Wednesday, September 2, 2009

The "Enterprise" attribute of Enterprise Architecture

Here is an excerpt from an article by Ken Karacsony in Computerworld. Again, I do not want to enter into the debate of Enterprise Architect vs. Enterprise IT Architect but I do mean to express that the “Enterprise” condition does require a holistic view. Ken clearly shows by example how broadening his perspective led to a cost saving far beyond the benefits that were achieved by the initial focus on applications and technology.

CIO at NASA, who mentioned that implementing enterprise architecture, had really helped his agency develop a mature IT organization and control IT-related costs.

I had to agree, but the topic of EA is far more complex than that

A properly defined and implemented EA initiative can result in greater efficiency and lowered IT cost of ownership...but...too often with EA, IT organizations miss the mark.

The first thing to realize is that there are four main areas of EA, covering business processes, data, applications and technology. All four need to be adequately represented if your EA is going to be robust.

The application and technology architectures are well worked out, but those are secondary architectures ...It's the business process and data architectures that are foundational. Failing to adequately develop them will leave your EA effort flat.

Let me give you an example:

Context: Working for a client who wanted to streamline the billing process. (defining requirements and developing a vendor RFP).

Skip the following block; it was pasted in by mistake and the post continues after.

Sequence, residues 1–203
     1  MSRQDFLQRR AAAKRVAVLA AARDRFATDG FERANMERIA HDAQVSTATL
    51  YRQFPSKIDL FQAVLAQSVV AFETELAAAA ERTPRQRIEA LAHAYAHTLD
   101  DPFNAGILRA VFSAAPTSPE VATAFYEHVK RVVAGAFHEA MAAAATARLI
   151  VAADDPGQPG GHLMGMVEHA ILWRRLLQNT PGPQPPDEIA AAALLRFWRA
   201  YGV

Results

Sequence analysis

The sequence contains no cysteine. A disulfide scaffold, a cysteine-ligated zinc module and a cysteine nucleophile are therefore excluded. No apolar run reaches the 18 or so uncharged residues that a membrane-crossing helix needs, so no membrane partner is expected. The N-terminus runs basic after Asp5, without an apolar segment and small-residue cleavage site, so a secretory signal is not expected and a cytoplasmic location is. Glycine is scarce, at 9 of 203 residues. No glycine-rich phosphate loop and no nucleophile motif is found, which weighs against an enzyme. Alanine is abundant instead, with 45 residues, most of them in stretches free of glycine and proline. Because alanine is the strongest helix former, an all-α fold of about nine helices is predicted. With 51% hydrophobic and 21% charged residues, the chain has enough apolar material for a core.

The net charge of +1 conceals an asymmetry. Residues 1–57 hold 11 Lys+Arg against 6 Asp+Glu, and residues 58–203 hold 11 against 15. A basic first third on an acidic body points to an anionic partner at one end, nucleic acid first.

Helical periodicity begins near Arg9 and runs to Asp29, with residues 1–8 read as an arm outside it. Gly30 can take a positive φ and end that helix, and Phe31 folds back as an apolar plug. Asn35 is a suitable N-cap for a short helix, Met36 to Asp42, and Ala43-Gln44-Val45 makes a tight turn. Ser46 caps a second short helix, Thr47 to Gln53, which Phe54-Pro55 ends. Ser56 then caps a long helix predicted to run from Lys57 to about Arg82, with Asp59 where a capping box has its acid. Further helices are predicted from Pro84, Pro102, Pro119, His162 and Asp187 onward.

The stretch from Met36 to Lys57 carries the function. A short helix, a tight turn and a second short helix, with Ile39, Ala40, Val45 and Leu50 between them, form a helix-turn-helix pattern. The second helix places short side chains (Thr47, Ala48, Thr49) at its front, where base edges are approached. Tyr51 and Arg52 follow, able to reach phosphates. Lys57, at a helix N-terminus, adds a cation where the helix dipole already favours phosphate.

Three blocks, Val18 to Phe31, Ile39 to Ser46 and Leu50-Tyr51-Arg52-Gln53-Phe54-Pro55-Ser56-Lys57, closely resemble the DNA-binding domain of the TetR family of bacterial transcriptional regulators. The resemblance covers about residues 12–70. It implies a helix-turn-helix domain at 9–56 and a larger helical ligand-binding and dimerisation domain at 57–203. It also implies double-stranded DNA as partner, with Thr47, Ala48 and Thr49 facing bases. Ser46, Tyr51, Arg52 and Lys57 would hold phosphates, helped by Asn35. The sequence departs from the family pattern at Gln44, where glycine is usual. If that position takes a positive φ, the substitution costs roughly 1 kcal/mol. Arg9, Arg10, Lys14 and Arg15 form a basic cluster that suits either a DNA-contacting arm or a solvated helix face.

As part of the RFP process, the architecture group submitted various technology requirements and standards. This technology architecture provided value in governing the technologies that would be considered. But that alone doesn't constitute an EA.

Digging into business processes, I poked around the company and learned that a billing system was already being used in another part of the organization. I found that the application covered about 85% of the business requirements and that we could expand its use with no new licenses or hardware required.

Through business process architecture, we discovered duplication of work, and the application architecture function determined that new software and hardware were not needed.

The savings for this company were impressive and resulted from EA in action.

The data piece

Savings through the elimination of redundant data, databases and ETL processes. In addition to saving money, companies benefited from improved data quality simply by removing redundant data stores.

Having an EA program is a necessity. It allows an organization to effectively manage current technology while planning for intelligent growth of future technology investments. It also allows a company to identify and eliminate unnecessary waste, thereby reducing costs.

You may...need some outside help to jump-start the program or gain insight into the reasons why your EA effort is not producing the value it should.

Most importantly, however, is to remember that enterprise architecture is much more than just applications and technology. The primary disciplines of your program are business and data architectures

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